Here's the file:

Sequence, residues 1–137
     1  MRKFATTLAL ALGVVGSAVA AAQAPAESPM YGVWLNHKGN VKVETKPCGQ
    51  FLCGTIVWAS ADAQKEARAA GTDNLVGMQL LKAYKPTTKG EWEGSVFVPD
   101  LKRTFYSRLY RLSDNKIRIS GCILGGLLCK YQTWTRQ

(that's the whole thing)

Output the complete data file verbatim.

Sequence, residues 1–137
     1  MRKFATTLAL ALGVVGSAVA AAQAPAESPM YGVWLNHKGN VKVETKPCGQ
    51  FLCGTIVWAS ADAQKEARAA GTDNLVGMQL LKAYKPTTKG EWEGSVFVPD
   101  LKRTFYSRLY RLSDNKIRIS GCILGGLLCK YQTWTRQ